Global equity markets traded sideways this past week, and U.S. equity markets closed the month under a bit of pressure as investors reckon with a rise in new COVID-19 cases and what it will mean for the economic recovery. All signs point to the pace of economic growth having slowed late in the second quarter, and companies are telling a similar tale in their quarterly reports. 

As for those earnings reports, 59% of the companies in the S&P 500 have reported actual results to date, and 88% have reported actual earnings per share (EPS) above estimates. That's the highest percentage of S&P 500 companies reporting a positive EPS surprise since FactSet began tracking this metric in 2008.

Next week, nearly one-third of companies in the Russell 3000 will report results, including widely-held companies like Uber, DraftKings, Marriott International, and Kraft Heinz. Hundreds of small-to-mid-cap companies across all sectors will also reports results. Those smaller public companies are very sensitive to changes in the economic temperature, so pay attention to their guidance for the rest of the year.

Here are the returns for major assets classes and Bitcoin, year-to-date.

Key Takeaways

  • Manufacturing and Purchasing Managers surveys from the U.S., the EU, and the U.K. for the month of July are due for release on Monday.
  • MGM, Uber, Roku, Kraft Heinz, Royal Caribbean Cruises and more will report earnings on Wednesday.
  • U.S. nonfarm payrolls are due for release on Friday, as well as unemployment rate figures from Canada.

Here are the returns for major asset classes and Bitcoin, so far this year.

Events Calendar:

Sunday August 1:

  • Chinese Caixin Manufacturing Purchasing Managers' Index (PMI) (July).

Monday August 2:

  • Market Holiday for the Toronto Stock Exchange (TSX).
  • German Retail Sales (June).
  • Italian Manufacturing PMI (July).
  • French Manufacturing PMI (July).
  • German Manufacturing PMI (July).
  • Eurozone Manufacturing PMI (July).
  • U.K. Manufacturing PMI (July).
  • U.S. Manufacturing PMI (July).
  • U.S. Institute for Supply Management (ISM) Manufacturing PMI (July).
  • Japanese Tokyo Core CPI (July).

Tuesday August 3:

  • Alibaba Group Holdings (BABA) Reports Earnings.
  • Marriott International (MAR) Reports Earnings.
  • Brazilian Industrial Production (June).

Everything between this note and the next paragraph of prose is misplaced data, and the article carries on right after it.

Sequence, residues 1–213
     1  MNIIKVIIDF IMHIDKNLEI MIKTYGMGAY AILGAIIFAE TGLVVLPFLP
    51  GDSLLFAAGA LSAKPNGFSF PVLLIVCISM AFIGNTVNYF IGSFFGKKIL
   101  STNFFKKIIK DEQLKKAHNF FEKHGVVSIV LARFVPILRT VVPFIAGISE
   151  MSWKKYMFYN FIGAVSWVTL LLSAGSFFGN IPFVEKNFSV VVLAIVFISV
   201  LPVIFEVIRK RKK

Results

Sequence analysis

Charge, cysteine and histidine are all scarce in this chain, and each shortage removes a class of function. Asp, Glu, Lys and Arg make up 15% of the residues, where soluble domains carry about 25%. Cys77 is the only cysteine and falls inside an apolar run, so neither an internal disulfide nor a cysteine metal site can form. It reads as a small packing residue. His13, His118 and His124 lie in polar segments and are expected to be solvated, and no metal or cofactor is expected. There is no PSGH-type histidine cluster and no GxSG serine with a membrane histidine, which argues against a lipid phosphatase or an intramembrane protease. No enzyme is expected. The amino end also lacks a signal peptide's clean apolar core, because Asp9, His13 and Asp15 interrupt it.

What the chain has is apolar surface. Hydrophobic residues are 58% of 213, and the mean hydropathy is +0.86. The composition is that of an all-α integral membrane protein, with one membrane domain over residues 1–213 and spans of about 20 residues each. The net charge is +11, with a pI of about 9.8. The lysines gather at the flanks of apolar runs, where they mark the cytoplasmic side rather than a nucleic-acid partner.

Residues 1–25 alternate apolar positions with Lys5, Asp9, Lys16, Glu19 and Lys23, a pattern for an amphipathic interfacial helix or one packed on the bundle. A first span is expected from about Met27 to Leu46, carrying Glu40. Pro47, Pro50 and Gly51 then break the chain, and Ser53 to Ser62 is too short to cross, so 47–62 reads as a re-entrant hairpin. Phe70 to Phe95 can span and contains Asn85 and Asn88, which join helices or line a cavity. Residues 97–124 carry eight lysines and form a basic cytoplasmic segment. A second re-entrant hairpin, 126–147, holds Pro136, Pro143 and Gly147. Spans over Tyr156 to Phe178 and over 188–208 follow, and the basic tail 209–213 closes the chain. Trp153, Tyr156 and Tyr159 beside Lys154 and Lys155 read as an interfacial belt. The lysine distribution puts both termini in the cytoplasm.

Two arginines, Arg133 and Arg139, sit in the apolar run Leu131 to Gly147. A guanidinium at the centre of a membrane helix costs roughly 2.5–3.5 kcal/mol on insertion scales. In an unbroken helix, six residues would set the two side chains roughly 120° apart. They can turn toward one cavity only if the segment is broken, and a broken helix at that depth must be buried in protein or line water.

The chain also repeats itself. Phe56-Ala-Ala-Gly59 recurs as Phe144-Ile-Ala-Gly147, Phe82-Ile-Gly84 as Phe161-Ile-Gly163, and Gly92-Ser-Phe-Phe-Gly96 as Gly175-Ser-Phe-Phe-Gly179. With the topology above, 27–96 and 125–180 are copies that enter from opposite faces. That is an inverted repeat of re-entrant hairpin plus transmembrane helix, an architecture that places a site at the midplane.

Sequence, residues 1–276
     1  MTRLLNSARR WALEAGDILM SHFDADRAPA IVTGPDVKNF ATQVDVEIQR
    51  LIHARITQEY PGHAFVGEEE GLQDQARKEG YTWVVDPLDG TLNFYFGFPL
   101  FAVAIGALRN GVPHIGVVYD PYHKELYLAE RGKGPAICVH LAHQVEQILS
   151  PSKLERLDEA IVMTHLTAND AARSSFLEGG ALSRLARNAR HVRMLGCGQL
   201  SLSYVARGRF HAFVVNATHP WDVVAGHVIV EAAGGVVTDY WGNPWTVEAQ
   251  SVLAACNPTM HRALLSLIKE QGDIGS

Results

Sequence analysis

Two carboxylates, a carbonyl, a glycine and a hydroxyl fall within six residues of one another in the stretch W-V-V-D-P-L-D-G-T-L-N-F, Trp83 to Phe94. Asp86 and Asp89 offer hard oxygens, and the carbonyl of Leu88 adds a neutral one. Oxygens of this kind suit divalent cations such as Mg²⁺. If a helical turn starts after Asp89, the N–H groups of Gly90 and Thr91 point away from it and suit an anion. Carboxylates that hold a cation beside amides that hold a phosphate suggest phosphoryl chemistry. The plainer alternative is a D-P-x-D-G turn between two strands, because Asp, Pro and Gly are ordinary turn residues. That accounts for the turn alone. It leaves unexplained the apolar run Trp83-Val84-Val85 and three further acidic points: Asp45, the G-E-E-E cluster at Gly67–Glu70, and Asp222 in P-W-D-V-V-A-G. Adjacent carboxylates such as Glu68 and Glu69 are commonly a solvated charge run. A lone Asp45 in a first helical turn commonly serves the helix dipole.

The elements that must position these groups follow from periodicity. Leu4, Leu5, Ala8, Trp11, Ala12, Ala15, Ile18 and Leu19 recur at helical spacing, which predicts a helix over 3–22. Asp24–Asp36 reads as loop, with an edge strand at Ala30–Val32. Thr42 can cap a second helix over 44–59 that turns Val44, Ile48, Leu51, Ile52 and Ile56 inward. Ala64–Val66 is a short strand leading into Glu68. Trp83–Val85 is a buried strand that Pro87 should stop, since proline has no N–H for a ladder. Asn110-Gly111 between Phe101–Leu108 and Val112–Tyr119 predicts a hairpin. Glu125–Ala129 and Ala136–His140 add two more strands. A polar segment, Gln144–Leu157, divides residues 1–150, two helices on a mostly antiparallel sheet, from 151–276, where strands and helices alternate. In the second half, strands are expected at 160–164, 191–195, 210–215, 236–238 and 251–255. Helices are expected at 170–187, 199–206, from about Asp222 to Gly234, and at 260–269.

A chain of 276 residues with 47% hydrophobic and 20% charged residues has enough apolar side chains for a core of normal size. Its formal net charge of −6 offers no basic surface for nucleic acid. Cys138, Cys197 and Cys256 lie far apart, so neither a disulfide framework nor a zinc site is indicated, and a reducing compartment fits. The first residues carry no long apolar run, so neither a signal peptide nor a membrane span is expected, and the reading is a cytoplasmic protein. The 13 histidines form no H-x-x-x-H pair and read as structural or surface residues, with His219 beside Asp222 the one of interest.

• Chinese Caixin Services PMI (July).
  • Japanese Services PMI (July).

Wednesday August 4:

  • MGM Resorts International (MGM), Uber Technologies Inc. (UBER), Roku Inc. (ROKU), Kraft Heinz (KHC), and Royal Caribbean Cruises Ltd. (RCL) Report Earnings.
  • Italian Services PMI (July).
  • French Services PMI (July).
  • German Services PMI (July).
  • U.K. Services PMI (July).
  • U.S. Services PMI (July).
  • U.S. ADP Nonfarm Employment Change (July).
  • U.S. ISM Non-Manufacturing PMI (July)
  • Brazilian Central Bank Interest Rate Decision.

Thursday August 5:

  • Virgin Galactic Corp. (SPCE), Square Inc. (SQ), and Moderna Inc. (MRNA) Report Earnings.
  • German Factory Orders (June).
  • U.K. Construction PMI (July).
  • Bank of England Interest Rate Decision.
  • U.S. Trade Balance (June).
  • Japanese Household Spending (June).

Friday August 6:

  • DraftKings (DKNG) Reports Earnings.
  • Indian Central Bank Interest Rate Decision.
  • German Industrial Production (June)
  • U.S. Nonfarm Payrolls (July).
  • U.S. Unemployment Rate (July).
  • Canadian Unemployment Rate (July).

Events Next Week

This week is all about manufacturing, industrial production and jobs. They are all bellwethers of the global economic recovery, and they are moving at different paces around the world. 

Manufacturing and Industrial Production

On Monday, we'll get ISM Manufacturing and Purchasing Managers surveys from the U.S., the EU, and the U.K. for the month of July. While commodity prices have cooled a bit in recent months, they are still historically high, and we should expect to see their impact in these reports.

U.S. Vehicle Sales for July

On Monday, we'll see July vehicle sales numbers for the U.S. Auto sales slowed 14% in June compared to May as prices remain high—particularly for used cars and trucks, but borrowing costs remain low. U.S. consumers have pulled back on auto purchases amid high inflation, with sales falling from 17 million vehicles in May to 15.4 million in June. We'll see just how many people decided to purchase a new car last month. 

July Jobs Reports

On Friday, we'll get the nonfarm payrolls report for the U.S., and the unemployment rate and report from Canada. Up in the Great North, the unemployment rate is 7.8%, and the labor force participation rate stands at 65.1%. The Canadian economy added 210,000 jobs in June, and more gains are expected for July.

In the U.S., June's better-than-expected job gains of 850,000 may have represented the turning point in the labor economy. Companies are still desperate for workers, and the labor force participation rate in this country remains historically low at 61.6%. But the rise in new COVID-19 cases and new economic restrictions may have kept more Americans from rejoining the labor force last month.